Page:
The weather forecast for the next several days was for strong winds, which meant we’d have some mandatory ‘stay at home’ days. It wasn’t bad for Scott, who had a lot of video editing to catch up on. I have a harder time figuring out what to do, but I can always read. Although the rain cools the air — the lowest we’ve seen has been 76 degrees — it does get stuffy inside because we have to close all the ports and windows.

During the last two days of diving, Scott took close-ups of fish, coral and other things. He mostly used the wide-angle lens, which meant he wanted me in the photos for perspective. I’m pleased to discover that I didn’t look as goofy as I did in my early days of underwater modeling, but it’s still a challenge to look relaxed and not exhale when a photo is being taken. I benefitted from Scott's modeling tips — look at the camera or the subject; tilt my head up and raise my chest; avoid flailing my arms; and avoid super bent knees or widely spread legs. I know how important good photos are to Scott, so I try to cooperate as best I can. Nonetheless, I was relieved when the batteries for the strobe died halfway through the second dive.

We later had a good time reviewing Scott’s photos du jour. He got more good ones than I expected. I love his work, so I’m glad he has the patience for it. I certainly don’t. I’m happy to point out pretty things for him to take photos of, but the experience would be ruined for me if I had to drag around the camera and other equipment. As I write this, he’s in his ‘darkroom’. Thanks to digital photography, all he needs is his Mac computer in plain daylight, not a dank room full of smelly chemicals as in the days of film.

We're having a blast finishing our new shark video, Fins of Bora Bora, for the web. We encourage people to visit the video gallery at our website — we think you’ll like it!

We were happy when Ronald, the local dive guide, came along to pick us up for our dive, as it meant we’d likely be his last clients. He’s selling his Maupiti Dive Center to another couple so he, his wife Michelle, and their two kids can buy a boat in Raiatea and go cruising.

The wind had shifted to the north overnight, which really knocked down the swell outside the reef. This was great, as it made for a much more comfortable ride to the dive sites. We had two wonderful dives. They were both in shallower water than the day before, so we were able to stay down a long time. Scott got some awesome detailed shots of the coral textures and patterns, colorful blue clams, and a jelly fish that looked to be from outer space.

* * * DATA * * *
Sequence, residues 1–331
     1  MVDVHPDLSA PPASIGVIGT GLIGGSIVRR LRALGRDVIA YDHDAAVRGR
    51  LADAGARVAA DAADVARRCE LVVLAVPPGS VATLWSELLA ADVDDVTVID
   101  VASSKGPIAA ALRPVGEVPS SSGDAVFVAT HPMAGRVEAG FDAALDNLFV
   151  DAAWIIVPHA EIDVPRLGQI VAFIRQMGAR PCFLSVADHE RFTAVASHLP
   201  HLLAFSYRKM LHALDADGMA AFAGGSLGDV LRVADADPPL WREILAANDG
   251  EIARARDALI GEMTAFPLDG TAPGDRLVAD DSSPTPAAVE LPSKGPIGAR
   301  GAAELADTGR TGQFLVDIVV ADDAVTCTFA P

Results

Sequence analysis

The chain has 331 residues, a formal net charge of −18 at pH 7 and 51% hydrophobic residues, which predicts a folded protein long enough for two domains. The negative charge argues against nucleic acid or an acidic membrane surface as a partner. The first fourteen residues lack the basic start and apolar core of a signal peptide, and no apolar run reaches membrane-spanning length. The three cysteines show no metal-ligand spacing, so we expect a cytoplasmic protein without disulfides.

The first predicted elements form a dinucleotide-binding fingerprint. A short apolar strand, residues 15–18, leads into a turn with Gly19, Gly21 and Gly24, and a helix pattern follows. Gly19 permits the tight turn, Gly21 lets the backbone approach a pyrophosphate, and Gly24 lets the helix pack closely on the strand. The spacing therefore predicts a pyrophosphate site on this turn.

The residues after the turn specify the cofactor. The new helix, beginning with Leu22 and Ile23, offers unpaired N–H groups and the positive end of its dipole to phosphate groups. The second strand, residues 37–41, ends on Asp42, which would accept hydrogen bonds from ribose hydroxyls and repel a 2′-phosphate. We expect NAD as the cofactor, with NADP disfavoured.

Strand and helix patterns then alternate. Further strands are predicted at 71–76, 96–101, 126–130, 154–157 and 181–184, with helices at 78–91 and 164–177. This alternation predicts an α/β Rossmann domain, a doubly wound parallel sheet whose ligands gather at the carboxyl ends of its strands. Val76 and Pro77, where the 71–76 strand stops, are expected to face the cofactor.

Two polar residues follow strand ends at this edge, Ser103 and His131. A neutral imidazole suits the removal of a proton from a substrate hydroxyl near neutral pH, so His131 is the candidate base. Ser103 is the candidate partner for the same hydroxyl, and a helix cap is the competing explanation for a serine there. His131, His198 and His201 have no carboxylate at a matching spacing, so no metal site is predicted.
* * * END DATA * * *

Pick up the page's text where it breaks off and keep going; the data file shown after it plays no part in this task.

We came across a few of the hated crown-of-thorns starfish, which destroy reefs. I could hear Ronald, in a Bruce Willis or Clint Eastwood voice, saying, “Not on my reef you don’t!”, as he went after them with a loose piece of sharp coral. He stabbed them, dismembered all their spiny legs, and strewed the remains with a certain amount of righteous indignation. If Scott was focused on shooting something with his camera for a while, Ronald would take the time to destroy more of this particular kind of starfish. Hopefully, Lionel, the new owner of the dive business, will keep up the practice.

We were so tired by the time we rinsed our gear, showered and had lunch, that it was nap time for me. While Scott looked at our fish books to identify what we'd seen, my nap was delicious. When I woke up, it was almost happy hour and time for writing. It’s a tough life, but somebody has to do it.

We were delighted when Jerome and Natalie on Na Maka, which is a blue-hulled sistership to our Switch 51, anchored close to us. The other boats around are two other charter catamarans and a trimaran. Jerome and Natalie invited us aboard for dinner. It’s always a treat to have someone else help with the cooking! When we arrived at their boat, Natalie was trying to get their three boys to finish their dinners. Natalie said any two of the boys get along fine, but there's always fighting when the three are together. What a brave woman to cruise with three children! But the family seems to really be enjoying themselves.

The next morning we dinghied to the fuel dock with five of our 5-gallon jugs. The day before, I’d “reserved” two dozen eggs, so I picked those up. I also bought vinegar from the walk-up window at the ‘market’. The day before, the proprietor had let me inside to more closely view what he had for sale. Apparently, you can’t always do this. I later bought two pamplemousse, which are like grapefruit, for $3 U.S. each at a roadside stand. But there certainly isn’t a Whole Foods or BevMo out here.